Inside the box score: FSU escapes with OT win

Willie Taggart said earlier this week that Florida State should feed Cam Akers. The Seminoles had no other choice on Saturday as Akers was a workhorse that helped FSU hold off ULM, 45-44 in overtime.


Cam Akers ran a program-record 36 times for 193 yards, including a 4-yard TD run in overtime. He also had a 9-yard TD run and a 44-yard TD catch and run.

Akers became the 16th Florida State back to eclipse 2,000 career rushing yards and with 2,039 he is closing on Leon Washington (2,078) for No. 15 on the all-time rushing list.

Left tackle Jauan Williams injured his left foot on FSU’s second drive. He was replaced by Abdul Bello. Williams had his left foot wrapped heavily and was carted off to the FSU locker room late in the first quarter. Coach Willie Taggart said after the game that Williams sprained his ankle.

FSU scored with ease early, generating touchdowns on drives of 70, 80 and 40. After that, though the Seminoles managed just a field goal on their next seven drives.

James Blackman connected on 30 of 40 passes for 282 yards and three touchdowns. But he also had two second-half interceptions that led to a pair of ULM touchdowns.

Tre’Shaun Harrison didn’t have a catch in FSU’s first game but was a frequent target on Saturday. He had a 19-yard touchdown catch over the middle in the first quarter.

Tamorrion Terry’s touchdown reception was nullified by an illegal man downfield penalty by RT Ryan Roberts. FSU settled for a field goal on the drive to take a 24-7 lead at the half.

FSU was 10 of 19 on third-down conversions after converting on just 1 of 12 in the opener vs. Boise State.

Blackman and Terry miscommunicated on a third-quarter pass play as Corey Straughter jumped in front of a pass and ran 57 yards for a touchdown as the Warhawks cut the FSU lead to 24-14.


Defensive coordinator Harlon Barnett moved up to the press box for the game. It appeared that he was calling in plays to outside linebackers / special teams coordinator Mark Snyder.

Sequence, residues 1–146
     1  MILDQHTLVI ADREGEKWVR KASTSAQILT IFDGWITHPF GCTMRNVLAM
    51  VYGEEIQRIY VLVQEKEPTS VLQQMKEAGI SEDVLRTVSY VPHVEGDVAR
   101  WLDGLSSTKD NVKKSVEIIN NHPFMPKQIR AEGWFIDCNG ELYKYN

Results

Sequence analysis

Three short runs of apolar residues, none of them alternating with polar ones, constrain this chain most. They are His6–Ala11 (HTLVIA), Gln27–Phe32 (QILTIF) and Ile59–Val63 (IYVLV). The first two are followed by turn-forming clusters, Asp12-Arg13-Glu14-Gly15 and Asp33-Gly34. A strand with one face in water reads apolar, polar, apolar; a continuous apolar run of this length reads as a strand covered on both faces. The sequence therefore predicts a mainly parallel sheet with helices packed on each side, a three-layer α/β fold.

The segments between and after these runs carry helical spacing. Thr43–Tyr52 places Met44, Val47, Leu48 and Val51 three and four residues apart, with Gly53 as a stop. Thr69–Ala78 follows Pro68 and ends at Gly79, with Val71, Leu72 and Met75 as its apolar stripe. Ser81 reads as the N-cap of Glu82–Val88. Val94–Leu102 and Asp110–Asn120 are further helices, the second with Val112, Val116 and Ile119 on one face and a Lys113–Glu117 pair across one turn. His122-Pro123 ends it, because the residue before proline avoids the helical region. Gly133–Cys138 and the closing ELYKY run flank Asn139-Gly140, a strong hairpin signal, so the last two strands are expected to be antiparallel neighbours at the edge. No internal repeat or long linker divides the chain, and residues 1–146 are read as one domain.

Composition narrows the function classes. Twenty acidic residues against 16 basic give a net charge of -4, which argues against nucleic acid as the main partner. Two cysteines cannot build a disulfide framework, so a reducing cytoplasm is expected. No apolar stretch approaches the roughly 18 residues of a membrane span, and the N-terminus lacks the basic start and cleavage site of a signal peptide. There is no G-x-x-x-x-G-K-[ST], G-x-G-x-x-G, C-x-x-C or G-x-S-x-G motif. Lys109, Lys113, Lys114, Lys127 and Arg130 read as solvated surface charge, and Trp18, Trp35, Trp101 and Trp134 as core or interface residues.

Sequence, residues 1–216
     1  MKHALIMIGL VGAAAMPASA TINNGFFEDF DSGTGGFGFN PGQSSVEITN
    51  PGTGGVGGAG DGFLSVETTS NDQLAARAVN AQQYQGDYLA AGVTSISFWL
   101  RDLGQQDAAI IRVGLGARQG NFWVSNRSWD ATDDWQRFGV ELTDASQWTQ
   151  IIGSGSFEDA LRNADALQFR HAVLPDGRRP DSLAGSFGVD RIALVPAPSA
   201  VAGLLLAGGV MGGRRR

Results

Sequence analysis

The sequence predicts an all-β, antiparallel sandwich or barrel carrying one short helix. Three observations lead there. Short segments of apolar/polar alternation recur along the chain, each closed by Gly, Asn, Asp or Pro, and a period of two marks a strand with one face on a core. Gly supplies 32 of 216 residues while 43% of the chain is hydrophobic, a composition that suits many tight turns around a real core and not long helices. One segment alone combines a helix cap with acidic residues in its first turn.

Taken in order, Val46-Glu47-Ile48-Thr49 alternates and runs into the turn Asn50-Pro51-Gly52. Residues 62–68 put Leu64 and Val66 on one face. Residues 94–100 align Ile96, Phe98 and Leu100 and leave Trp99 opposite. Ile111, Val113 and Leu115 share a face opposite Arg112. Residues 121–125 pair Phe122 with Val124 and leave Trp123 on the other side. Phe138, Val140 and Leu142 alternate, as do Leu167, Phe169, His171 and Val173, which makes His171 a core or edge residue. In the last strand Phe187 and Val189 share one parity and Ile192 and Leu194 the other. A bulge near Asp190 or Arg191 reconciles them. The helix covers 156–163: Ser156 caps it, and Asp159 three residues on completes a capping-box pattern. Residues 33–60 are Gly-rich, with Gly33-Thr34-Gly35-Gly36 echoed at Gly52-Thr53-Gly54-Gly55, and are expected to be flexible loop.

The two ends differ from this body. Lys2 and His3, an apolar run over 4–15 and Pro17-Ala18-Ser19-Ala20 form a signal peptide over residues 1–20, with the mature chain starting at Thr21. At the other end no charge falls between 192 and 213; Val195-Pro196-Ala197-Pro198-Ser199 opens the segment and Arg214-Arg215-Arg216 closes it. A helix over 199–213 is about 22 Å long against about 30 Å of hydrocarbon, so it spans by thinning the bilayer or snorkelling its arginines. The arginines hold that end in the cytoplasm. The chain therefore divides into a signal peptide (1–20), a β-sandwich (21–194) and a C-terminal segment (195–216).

Hamsah Nasirildeen forced a third-quarter fumble, the third that he has forced in two games.

ULM scored on six of seven second-half drives, including four straight touchdowns. ULM finished with 419 offensive yards.

FSU’s run defense was suspect, allowing 178 rushing yards. Josh Johnson ran for 126 yards and a touchdown.

ULM’s Caleb Evans was 0 for 7 in the first quarter but settled in after that. Evans completed 23 of 38 passes for 241 yards and two touchdowns in regulation.

But the Seminoles were on the field for 79 plays, something of a reprieve after they were forced to defend Boise State for 108 plays a week ago.

Special teams

ULM kicker Jacob Meeks missed the extra-point attempt in overtime that allowed FSU to win.

Punter / kickoff specialist Logan Tyler was suspended due to a violation of team rules, FSU announced before the game.

Walk-on punter Tommy Martin punted five times for a 42.8-yard average. Martin had a long punt of 58 yards.


  1. joseph johnston

    SCARED SCARED. SCARED. A needed win but a lot of work is still needed
    . will be hard-pressed to win 5 more. Hopeful. BUT,BUT, BUT. GO NOLES
    joe johnston

  2. John Penfield

    The whole defense was horrible. The d line ( no sacks or any pressure), LB’s couldn’t tackle, and the secondary only reacted after the pass was caught. It would be a miracle if this could be turned around

  3. Ray Schneider

    Having a hard time seeing how the 3-4 is the better scheme. From my perspective, it looks like the read and react nature of the 4-3 has us on our heels, and is contributing to the rushing yards piling up. I understand it may be because we don’t feel we have the LB’s to play the 4-3 effectively, but an attacking defense seems to me to give us a better chance to get off the field. Clearly we are performing much worse on defense compared to last year. How long will we continue to experiment?

  4. Ray Schneider

    Correction above “ …read and react nature of the 3-4…..”

  5. WS

    Keith Jones bringing it!

  6. Rick Legg

    Pitiful at best. Coaches need to coach and players need to play , where are the leaders?

  7. Kirk Coker

    Bob Ferrante, commenting here as there’s no “leave a reply” box in your article….the photo associated with your piece — the DB’s “attempt” at tackling. That photo kinda sums up the play of the defense: technique, discipline, and mental toughness. Is that how their being taught to tackle? Keith Jones, you said it brother, if I may be so bold, the football program/operation/oversight/leadership (the lack of it) is an absolute mess. I hope some of my teammates will stand up and say something – maybe those with a “NFL, Retired” behind their name.

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